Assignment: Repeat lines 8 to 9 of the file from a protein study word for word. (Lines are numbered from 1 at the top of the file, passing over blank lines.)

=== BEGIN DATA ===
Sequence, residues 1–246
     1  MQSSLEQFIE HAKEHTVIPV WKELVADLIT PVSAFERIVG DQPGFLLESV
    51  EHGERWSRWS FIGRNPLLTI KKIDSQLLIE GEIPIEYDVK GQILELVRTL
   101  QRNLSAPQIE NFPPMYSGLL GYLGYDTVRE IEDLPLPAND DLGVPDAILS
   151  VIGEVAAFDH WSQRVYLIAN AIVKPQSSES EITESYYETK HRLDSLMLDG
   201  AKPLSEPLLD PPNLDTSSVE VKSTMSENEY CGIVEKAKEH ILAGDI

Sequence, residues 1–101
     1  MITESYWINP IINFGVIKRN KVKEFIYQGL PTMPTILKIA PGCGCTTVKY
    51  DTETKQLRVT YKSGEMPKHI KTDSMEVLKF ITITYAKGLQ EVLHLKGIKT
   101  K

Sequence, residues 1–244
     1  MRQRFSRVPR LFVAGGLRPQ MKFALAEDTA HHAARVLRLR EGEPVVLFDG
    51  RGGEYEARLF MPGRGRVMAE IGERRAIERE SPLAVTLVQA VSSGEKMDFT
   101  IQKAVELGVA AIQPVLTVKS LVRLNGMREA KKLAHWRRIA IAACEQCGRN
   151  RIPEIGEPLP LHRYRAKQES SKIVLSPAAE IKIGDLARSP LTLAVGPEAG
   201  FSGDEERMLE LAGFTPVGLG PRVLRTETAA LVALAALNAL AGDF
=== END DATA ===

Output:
     1  MITESYWINP IINFGVIKRN KVKEFIYQGL PTMPTILKIA PGCGCTTVKY
    51  DTETKQLRVT YKSGEMPKHI KTDSMEVLKF ITITYAKGLQ EVLHLKGIKT